"name" : "Amigo",
  "email" : "",
  "phone" : "+1 (222) 333-4444"

Putting requests together

So, we have examined what might be in a client request. We will now give some examples of requests along with descriptions
Request Description

GET /customers/23
Accept : application/json, application/xml
Get information about customer No. 23 in JSON or XML format

POST /customers
  "name" : "Amigo",
  "email" : "",
  "phone" : "+1 (222) 333-4444"
Create a new customer with the following fields:
Name — Amigo
Email —
Telephone number — +1 (222) 333-4444

PUT /customers/1
  "name" : "Ben",
  "email" : "",
  "phone" : "+86 (868) 686-8686"
Edit customer No. 1 as follows:
Name — Ben
Email —
Telephone number — +86 (868) 686-8686

DELETE /customers/12/orders/6
Delete order No. 6 made by customer No. 12 from the system


Let's say a few words about server responses. A response usually consists of the following parts:
  • response code
  • headers
  • response body
In general, response headers are not much different from request headers. Additionally, some headers are used in both responses and requests. I think everything is also clear regarding the request body. The body often returns information requested by the client. Information returned in response to GET requests may also be in JSON format. But the last part is a little more interesting.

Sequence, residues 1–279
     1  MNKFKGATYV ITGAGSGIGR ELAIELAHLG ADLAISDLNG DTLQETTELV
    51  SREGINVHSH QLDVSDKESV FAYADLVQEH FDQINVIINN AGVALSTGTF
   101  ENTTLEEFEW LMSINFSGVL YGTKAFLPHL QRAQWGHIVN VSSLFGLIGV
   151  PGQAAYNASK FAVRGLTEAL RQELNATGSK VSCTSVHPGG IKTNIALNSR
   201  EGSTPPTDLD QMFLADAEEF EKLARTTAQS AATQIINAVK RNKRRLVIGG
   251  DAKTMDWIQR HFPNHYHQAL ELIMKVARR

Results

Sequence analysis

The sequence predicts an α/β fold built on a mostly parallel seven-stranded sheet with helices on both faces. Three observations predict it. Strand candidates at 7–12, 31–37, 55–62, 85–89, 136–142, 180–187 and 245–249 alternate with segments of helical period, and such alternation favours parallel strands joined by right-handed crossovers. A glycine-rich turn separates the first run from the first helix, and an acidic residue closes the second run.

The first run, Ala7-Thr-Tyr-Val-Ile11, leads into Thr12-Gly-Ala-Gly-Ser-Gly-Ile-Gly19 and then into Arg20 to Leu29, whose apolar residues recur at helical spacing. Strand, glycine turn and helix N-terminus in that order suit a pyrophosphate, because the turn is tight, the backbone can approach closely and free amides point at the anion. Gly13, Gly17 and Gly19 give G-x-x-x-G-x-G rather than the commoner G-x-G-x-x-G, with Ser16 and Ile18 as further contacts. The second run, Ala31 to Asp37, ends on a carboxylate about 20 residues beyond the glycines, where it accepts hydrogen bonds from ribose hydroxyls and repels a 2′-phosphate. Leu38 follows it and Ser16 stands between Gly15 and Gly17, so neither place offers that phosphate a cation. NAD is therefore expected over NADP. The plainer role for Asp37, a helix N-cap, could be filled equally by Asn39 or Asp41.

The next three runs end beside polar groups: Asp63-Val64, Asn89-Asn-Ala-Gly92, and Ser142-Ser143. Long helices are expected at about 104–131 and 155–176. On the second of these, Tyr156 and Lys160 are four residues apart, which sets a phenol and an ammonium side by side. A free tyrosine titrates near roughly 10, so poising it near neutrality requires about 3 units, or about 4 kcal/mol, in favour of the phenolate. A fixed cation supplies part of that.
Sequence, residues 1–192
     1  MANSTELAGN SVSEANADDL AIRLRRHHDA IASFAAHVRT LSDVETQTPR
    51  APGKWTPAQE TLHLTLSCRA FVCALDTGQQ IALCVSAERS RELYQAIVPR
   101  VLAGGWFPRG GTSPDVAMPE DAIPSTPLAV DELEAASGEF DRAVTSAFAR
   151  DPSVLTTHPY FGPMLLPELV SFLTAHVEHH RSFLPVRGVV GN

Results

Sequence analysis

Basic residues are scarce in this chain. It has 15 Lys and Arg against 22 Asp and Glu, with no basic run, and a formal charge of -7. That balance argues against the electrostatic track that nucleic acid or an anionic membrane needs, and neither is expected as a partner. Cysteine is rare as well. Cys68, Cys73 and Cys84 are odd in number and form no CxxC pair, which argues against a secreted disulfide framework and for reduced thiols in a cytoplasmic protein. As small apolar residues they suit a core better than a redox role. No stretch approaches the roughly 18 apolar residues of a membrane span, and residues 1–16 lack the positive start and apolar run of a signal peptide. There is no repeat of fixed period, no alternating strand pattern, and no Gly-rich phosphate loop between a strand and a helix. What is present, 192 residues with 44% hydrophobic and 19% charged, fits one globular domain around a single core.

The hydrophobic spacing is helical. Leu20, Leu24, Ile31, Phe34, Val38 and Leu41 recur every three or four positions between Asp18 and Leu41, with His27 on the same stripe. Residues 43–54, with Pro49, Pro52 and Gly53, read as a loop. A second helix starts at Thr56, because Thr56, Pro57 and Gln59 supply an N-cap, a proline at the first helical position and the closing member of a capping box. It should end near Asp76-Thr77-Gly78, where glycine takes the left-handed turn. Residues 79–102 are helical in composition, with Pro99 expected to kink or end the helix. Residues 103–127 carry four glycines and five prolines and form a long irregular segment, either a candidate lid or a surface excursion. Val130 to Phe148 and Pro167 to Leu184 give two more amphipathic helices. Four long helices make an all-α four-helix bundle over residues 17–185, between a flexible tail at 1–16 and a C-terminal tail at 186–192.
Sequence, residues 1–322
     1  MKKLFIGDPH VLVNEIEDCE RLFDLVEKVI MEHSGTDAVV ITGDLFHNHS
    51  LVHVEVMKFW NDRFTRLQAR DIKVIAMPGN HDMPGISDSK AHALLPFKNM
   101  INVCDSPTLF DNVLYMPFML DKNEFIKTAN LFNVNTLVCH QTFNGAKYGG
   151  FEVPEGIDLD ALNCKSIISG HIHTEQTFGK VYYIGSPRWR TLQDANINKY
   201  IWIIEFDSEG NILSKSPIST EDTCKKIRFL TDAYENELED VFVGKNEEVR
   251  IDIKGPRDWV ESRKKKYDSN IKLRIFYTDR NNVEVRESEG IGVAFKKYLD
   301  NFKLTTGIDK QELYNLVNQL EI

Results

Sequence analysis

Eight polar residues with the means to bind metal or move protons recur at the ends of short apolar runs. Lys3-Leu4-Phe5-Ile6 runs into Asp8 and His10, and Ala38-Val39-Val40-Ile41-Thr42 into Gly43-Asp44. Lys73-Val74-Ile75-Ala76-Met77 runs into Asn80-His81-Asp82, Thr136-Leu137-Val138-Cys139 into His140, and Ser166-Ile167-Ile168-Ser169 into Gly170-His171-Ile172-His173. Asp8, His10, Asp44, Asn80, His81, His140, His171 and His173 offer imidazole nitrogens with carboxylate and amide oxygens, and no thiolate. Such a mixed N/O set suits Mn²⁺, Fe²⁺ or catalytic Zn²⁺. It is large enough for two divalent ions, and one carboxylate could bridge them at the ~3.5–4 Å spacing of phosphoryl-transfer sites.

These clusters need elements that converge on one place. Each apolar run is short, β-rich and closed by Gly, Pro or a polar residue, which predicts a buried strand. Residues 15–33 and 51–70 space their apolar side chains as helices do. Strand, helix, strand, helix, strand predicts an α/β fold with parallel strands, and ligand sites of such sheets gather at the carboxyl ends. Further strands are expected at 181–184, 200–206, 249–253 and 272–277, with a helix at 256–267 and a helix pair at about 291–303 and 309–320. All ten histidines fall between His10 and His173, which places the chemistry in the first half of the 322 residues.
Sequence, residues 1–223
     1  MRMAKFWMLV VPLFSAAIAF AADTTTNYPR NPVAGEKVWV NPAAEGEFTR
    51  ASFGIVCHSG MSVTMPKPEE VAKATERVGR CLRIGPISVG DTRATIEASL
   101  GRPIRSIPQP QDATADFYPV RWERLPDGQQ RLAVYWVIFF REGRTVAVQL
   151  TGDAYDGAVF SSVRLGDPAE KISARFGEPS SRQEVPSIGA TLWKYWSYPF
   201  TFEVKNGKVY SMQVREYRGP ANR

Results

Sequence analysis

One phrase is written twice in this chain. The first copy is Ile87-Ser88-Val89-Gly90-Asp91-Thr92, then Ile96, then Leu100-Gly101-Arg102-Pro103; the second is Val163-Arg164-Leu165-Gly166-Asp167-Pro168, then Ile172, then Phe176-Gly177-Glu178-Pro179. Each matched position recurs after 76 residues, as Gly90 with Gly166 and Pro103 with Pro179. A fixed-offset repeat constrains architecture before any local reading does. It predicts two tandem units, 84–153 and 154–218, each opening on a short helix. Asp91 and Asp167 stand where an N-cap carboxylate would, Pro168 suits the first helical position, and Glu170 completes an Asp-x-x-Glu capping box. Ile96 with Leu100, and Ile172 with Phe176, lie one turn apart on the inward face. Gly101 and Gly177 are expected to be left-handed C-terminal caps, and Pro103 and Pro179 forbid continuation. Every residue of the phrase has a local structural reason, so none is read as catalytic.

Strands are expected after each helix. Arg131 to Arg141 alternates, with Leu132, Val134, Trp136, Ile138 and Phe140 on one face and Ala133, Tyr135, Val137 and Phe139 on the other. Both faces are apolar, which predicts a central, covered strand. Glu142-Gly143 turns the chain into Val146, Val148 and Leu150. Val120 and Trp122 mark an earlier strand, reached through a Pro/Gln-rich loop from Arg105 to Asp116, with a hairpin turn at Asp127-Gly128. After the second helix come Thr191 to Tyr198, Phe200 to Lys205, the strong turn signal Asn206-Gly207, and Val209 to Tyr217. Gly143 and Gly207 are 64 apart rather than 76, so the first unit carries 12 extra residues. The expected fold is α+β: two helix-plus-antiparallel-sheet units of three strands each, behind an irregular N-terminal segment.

HTTP response codes

Let's consider HTTP response codes in more detail. An HTTP status code is part of the first line of a server response to requests made via the HTTP protocol. It is an integer consisting of three decimal digits. The first digit indicates the class of the response status code. The response code is usually followed by an explanatory phrase in English, separated by a space. This phrase is a human-readable reason for the response. Examples:
  • 201 Created
  • 401 Unauthorized
  • 507 Insufficient Storage
The response code tells the client the result of the request and allows it to determine what actions to take next. Response codes are divided into several classes or groups:
  • 1XX — Informational
  • 2XX — These codes indicate that the client's request was successfully received and processed
  • 3XX — These codes inform the client that an additional request, usually to a different URI, must be made in order to successfully complete the operation
  • 4XX — Client error. Such codes may result from an incorrectly composed request. Another example is the well-known "404 Not Found" code, which can occur when a client requests a nonexistent resource
  • 5XX — Server error. These codes are returned to the client if the server is responsible for failure of the operation
Overview of REST. Part 3: Building a RESTful service on Spring Boot